A major aim of longitudinal analyses of life course data is to describe the within- and between-individual variability in a behavioral outcome, such as crime. Statistical analyses of such data typically draw on mixture and mixed-effects growth models. In this work, we present a functional analytic point of view and develop an alternative method that models individual crime trajectories as departures from a population age-crime curve. Drawing on empirical and theoretical claims in criminology, we assume a unimodal population age-crime curve and allow individual expected crime trajectories to differ by their levels of offending and patterns of temporal misalignment. We extend Bayesian hierarchical curve registration methods to accommodate count data and to incorporate influence of baseline covariates on individual behavioral trajectories. Analyzing self-reported counts of yearly marijuana use from the Denver Youth Survey, we examine the influence of race and gender categories on differences in levels and timing of marijuana smoking. We find that our approach offers a flexible and realistic model for longitudinal crime trajectories that fits individual observations well and allows for a rich array of inferences of interest to criminologists and drug abuse researchers.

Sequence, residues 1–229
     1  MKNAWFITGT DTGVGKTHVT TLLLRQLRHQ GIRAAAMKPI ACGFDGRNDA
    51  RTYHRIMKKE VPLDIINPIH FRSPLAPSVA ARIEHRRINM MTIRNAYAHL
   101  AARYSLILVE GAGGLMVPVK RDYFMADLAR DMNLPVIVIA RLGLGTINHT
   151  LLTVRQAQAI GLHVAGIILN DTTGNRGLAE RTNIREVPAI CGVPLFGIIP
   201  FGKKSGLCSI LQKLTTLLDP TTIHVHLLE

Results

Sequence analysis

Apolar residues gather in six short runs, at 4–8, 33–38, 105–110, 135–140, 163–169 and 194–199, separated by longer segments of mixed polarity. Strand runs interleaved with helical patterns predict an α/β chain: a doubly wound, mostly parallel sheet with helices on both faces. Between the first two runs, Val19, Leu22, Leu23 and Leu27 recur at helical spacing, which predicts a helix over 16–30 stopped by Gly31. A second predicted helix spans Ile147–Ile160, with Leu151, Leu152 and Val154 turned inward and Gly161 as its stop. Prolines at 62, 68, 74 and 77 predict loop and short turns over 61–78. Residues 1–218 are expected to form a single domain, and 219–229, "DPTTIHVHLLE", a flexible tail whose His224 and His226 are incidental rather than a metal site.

Longitudinal Data Analysis and Time Series
Telesca, Donatello; Erosheva, Elena; Kreager, Derek; and Matsueda, Ross, "Modeling Criminal Careers as Departures from a Unimodal Population Age-Crime Curve: The Case of Marijuana Use" (December 2011). COBRA Preprint Series. Working Paper 86.